Earlier in the week, on the bank of the Subayang river getting out of the boat, we saw a paw print of a wildcat, which got one of our days off a good start. Teams have been out to swap over the SD cards in some of our camera traps that were set in place from the last slot. We also secured a school visit for next week in Tanjung Belit, which is the community that has been assisting us through the entire expedition. While in the school Sharon (whose boots had far too many laces to undo) waited on the steps and drew in quite a crowd of students, who were showing off very loudly, how well they could count to ten.
Despite two heavy rain storms, the Subayang river is continuing to drop, making travel in either direction a team effort, having to push our boats over the shallow spots. The locals from Tanjung Belit decided that with the low water levels it was a good time to have a fish harvest that brings the whole community together for a frantic few hours of net throwing and spear fishing. For the team it was a great opportunity to talk to villagers who were all to eager to talk to them. Helen, Mike, Laura and Nicole managed to have a good talk with the head of the village, who was very interested in our project and how it could help the community in the future.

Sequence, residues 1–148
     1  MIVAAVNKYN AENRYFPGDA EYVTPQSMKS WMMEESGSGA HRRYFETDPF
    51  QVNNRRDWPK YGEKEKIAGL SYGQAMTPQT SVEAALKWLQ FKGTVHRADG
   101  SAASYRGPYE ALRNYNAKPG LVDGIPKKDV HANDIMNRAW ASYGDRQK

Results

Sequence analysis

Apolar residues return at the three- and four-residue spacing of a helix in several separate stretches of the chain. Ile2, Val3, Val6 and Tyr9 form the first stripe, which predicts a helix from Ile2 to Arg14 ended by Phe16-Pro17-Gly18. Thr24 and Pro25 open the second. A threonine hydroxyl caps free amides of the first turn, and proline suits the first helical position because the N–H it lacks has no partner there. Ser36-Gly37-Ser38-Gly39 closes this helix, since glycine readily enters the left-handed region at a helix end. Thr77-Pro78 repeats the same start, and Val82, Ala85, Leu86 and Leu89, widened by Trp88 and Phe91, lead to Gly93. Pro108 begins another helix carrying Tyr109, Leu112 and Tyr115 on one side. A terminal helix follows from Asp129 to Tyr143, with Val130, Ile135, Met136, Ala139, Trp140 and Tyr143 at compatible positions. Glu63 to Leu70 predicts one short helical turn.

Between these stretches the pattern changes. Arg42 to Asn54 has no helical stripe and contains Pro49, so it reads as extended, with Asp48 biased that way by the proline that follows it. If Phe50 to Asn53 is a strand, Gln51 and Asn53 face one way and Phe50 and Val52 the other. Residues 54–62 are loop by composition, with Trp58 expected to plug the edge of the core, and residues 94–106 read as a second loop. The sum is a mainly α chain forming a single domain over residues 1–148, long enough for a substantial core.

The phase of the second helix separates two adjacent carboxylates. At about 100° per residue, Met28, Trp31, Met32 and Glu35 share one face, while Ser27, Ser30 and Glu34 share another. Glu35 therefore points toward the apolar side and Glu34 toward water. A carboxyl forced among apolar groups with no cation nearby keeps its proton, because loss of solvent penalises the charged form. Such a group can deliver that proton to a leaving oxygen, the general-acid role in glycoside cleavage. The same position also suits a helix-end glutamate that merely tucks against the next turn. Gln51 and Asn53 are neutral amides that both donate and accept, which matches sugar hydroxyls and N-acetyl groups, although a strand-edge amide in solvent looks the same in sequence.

Our expeditioners have also been working hard doing surveys in the forest, setting out camera traps and collecting in SD cards. There has been a lot of animal movement on the cameras set by slot 4, such as wild pig, mouse deer, great argus bird, long tail macaque, leopard cat and sun bear. But the big thrill was seeing a clouded leopard caught by the camera set in cell AA130, set by Febri, Sugi, Sian, Nikki and Helga. While this is not our target species, Febri tells us that the clouded leopard is WWF’s secondary target for this area, as it is an important species that is able to manage ecosystems as a co-predator, after the tiger.